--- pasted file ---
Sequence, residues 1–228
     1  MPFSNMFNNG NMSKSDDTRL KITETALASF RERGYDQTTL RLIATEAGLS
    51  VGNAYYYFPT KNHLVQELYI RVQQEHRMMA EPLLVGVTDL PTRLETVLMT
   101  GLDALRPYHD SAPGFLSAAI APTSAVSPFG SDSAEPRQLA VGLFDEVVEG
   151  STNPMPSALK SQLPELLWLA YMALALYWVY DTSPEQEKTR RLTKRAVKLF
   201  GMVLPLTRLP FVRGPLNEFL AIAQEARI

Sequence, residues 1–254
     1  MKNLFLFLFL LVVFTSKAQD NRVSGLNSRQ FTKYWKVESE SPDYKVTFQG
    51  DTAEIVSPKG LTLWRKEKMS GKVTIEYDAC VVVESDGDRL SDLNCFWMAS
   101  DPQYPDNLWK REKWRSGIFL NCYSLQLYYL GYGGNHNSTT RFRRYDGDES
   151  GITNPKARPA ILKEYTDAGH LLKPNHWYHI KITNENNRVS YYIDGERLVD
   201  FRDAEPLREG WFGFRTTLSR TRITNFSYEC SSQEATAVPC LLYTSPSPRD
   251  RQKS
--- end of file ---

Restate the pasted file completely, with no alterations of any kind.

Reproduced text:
Sequence, residues 1–228
     1  MPFSNMFNNG NMSKSDDTRL KITETALASF RERGYDQTTL RLIATEAGLS
    51  VGNAYYYFPT KNHLVQELYI RVQQEHRMMA EPLLVGVTDL PTRLETVLMT
   101  GLDALRPYHD SAPGFLSAAI APTSAVSPFG SDSAEPRQLA VGLFDEVVEG
   151  STNPMPSALK SQLPELLWLA YMALALYWVY DTSPEQEKTR RLTKRAVKLF
   201  GMVLPLTRLP FVRGPLNEFL AIAQEARI

Sequence, residues 1–254
     1  MKNLFLFLFL LVVFTSKAQD NRVSGLNSRQ FTKYWKVESE SPDYKVTFQG
    51  DTAEIVSPKG LTLWRKEKMS GKVTIEYDAC VVVESDGDRL SDLNCFWMAS
   101  DPQYPDNLWK REKWRSGIFL NCYSLQLYYL GYGGNHNSTT RFRRYDGDES
   151  GITNPKARPA ILKEYTDAGH LLKPNHWYHI KITNENNRVS YYIDGERLVD
   201  FRDAEPLREG WFGFRTTLSR TRITNFSYEC SSQEATAVPC LLYTSPSPRD
   251  RQKS